[Linux4christians] Have You Built a Custom Kernel and Why?
marco.tedaldi at gmail.com
Tue Jan 24 11:45:51 EST 2012
On 24.01.2012 01:31, Eddy Martin wrote:
> On 01/23/2012 09:52 AM, Don Parris wrote:
>> I am curious to know if any of you have actually built a custom
>> kernel, and what advantages (if any) this gave you over (a) the
>> default kernel and (b) a comparable Windows system. I ask about
> I built a custom kernel on Debian Stable a few months ago, and it was to
> take advantage of Realtime capabilities, as Stable doesn't have a
> Realtime Pre-emption enabled kernel pre-built and available in the repos
> like Ubuntu.
> I've heard for some time that the latest kernels available from
> kernel.org have Ingo Molnar's realtime patch built-in, but it is a
> "soft" realtime, compared to a "hard" realtime.
Pay attention on "realtime". There are a few different things that are
called "realtime" but are not.
For example, in windows you can set the priority of a process to
"realtime": This is a blatant lie!
Let's first define, what realtime is (and what is widely agreed upon
being "realtime" in the relevant industry)
Realtime just means "deterministic behavior" (would "determiniscability"
be a word?).
It dies NET mean:"fast" or something like that in any way.
"hard realtime" does mean, that the system will do what it is supposed
to do within a predetermined window of time. Guaranteed.
"soft realtime" means, that it is doing it almost always but it might
fail to do so from time to time. But at least it will let you (or the
> Some would argue that you don't need hard realtime unless you are
> controlling robots to built rocket parts, but it does make a difference
> with audio/video work.
There are a lot of needs for "realtime" stuff. Every machine controller
must be realtime capable. For most imaging systems you need realtime
stuff (because buffers in the imaging device are not infinitely big and
you might loose data otherwise).
> As you might well imagine, I could NEVER do such a thing with Windows,
> so it's an automatic advantage.
There are versions of windows CE (someone remembers?) that are said to
be realtime... I know about this because in several situations the
door-controllers and lift controllers had to be rebooted several times a
> In order to bring latency down to usable levels, they have such things
> as ASIO drivers and various optimization "tweaks" which I have no
> experience with, but the fact that Mac OS has historically been the
> preferred system for A/V is a bit telling.
On classic macs you could do realtime stuff... because it was no real
multitasking system. So a task could hog the cpu as long as it wanted
and the system did not interrupt it.
Like dos. You can easily do realtime stuff in dos (in fact, many
realtime systems still run on dos basis. For example some of the NI
systems for LabView RT run on a heavily modified dos system).
> The kernel itself performed like it was supposed to, but it wasn't the
> success I hoped it would be.
I don't know about the patches you have used. With an improved scheduler
you might get soft realtime. But hard realtime requires a lot more.
Hard realtime means, that your code is running on kernel level. With no
memory management (because memory management can make for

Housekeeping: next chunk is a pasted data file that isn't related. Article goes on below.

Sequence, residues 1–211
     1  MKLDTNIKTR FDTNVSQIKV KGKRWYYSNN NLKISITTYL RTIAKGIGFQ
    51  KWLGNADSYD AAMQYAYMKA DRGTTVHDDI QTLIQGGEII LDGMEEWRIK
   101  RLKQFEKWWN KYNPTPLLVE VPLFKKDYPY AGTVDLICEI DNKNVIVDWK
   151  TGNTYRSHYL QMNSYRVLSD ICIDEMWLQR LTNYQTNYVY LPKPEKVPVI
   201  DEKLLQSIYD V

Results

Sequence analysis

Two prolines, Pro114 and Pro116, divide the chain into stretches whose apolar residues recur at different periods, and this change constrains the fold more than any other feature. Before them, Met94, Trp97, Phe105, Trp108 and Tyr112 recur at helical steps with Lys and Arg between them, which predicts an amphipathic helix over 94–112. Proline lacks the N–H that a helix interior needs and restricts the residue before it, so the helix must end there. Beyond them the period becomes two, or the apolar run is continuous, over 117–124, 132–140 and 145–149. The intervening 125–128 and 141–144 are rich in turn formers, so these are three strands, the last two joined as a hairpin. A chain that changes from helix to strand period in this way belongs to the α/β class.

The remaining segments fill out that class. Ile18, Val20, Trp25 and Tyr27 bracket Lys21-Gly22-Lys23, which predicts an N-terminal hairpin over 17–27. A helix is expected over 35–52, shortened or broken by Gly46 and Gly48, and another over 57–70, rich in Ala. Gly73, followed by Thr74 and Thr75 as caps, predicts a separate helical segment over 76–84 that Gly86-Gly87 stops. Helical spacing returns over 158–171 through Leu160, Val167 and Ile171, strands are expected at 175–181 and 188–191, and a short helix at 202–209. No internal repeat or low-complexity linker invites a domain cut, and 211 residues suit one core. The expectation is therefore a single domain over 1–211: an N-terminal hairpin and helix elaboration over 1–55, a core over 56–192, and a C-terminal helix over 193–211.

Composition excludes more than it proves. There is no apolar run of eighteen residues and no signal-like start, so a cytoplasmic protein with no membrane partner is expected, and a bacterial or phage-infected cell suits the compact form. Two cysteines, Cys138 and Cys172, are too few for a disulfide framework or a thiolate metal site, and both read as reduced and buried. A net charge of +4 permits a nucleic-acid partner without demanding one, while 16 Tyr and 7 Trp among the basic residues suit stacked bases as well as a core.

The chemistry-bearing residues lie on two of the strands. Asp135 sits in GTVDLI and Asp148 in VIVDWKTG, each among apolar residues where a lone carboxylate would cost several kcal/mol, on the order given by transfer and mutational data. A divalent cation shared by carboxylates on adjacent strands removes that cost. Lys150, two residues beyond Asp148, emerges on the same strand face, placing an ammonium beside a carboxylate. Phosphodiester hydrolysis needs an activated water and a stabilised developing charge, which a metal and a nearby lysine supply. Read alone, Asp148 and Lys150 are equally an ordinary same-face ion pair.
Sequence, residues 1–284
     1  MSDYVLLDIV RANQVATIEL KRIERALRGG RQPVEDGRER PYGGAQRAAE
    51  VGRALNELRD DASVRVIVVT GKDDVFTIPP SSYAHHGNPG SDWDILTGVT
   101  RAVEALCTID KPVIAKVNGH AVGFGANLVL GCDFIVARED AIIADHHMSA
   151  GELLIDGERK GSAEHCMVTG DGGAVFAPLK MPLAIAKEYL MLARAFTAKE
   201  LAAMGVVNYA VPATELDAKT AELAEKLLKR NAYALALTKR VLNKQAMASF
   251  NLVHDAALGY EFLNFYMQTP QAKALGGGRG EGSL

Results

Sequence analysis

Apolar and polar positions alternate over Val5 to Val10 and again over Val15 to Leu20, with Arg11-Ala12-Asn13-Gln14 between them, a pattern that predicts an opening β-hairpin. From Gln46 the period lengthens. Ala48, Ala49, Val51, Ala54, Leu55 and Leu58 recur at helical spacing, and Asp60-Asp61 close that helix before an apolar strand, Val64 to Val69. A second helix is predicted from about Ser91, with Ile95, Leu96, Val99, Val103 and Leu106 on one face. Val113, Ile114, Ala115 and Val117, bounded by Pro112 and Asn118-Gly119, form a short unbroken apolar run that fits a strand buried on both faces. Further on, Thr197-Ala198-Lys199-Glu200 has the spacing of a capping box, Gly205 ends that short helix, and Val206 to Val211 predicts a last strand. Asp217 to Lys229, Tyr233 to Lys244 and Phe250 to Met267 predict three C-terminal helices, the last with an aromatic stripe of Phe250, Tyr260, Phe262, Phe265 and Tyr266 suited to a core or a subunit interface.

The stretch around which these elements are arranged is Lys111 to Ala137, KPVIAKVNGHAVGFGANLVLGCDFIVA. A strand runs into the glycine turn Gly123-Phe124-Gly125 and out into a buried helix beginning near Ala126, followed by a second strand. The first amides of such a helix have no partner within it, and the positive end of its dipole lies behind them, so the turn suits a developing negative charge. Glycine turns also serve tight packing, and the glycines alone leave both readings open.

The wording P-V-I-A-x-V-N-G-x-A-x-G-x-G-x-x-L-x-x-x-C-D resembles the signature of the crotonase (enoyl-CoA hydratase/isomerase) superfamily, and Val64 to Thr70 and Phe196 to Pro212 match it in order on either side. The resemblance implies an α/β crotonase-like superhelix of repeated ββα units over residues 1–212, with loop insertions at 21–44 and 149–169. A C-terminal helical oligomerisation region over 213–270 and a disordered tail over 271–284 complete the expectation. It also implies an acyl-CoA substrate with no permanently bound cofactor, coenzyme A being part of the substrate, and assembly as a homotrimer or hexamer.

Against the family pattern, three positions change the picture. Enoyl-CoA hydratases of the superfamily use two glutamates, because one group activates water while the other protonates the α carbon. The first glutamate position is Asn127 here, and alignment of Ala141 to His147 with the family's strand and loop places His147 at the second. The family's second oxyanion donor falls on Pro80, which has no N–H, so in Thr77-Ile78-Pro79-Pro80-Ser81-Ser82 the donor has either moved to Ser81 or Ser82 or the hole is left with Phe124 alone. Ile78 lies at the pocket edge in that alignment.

undeterministic delays). This means, if your code crashes, your system
goes down. The realtime part runs like a kernel-driver. Realtime and
all. And than you have normally a non realtime part (like communications
and user interface) running in user space. These two parts of an
application can communicate with each other over fifos, buffers and
shared memory space.
Writing such an application takes (especially the realtime part) takes a
lot of work and requres a lot of knowlege. Because just one access to
the wrong location done in the wrong way can make the whole thung
> However, I think it was more due to me being a novice at it, and I
> couldn't run the display drivers accelerated to take graphics duties off
> of the CPU.
Yeah... when the cpu goes to 100% you can forget about realtime.
Realtime kernels can't "invent" processor cycles. And when there are bus
master transfers taking place (which is done when putting data to the
craphics card) even a realtime kernel can't interrupt this to do his stuff.
> I imagine I'd have to sit on IRC with a bunch of kernel hackers to
> really "get" it, but I can't say it wasn't worth the experience.
Or with a realtime expert...
To get a realtime sstem to perform as it should you have to look at all
the possible bottlenecks. And there are a lot of them around. Todays PC
with a modern multi tasking operating system tend to do a lot of stuff
in non deterministic ways. Thus getting a system to do realtime is most
probably a lot more than some kernel patches... sadly.
> Probably the best reasons to compile a custom kernel would be for much
> the same reasons; incorporating a patch, enabling things that are not
> turned on by default, custom drivers, etc.
> They all are valid reasons, but probably only a very few situations that
> would really call for it.
I can only agree on that.
> I'd say get comfy with the process just because the cert requires it,
> and who knows?
It is for sure not wasted effort to learn it. Can also help you
understand the structure of the kernel a bit.
> Maybe somewhere down the line, you'll really need to know how to do it,
> and you'll be ready.est
More information about the Linux4christians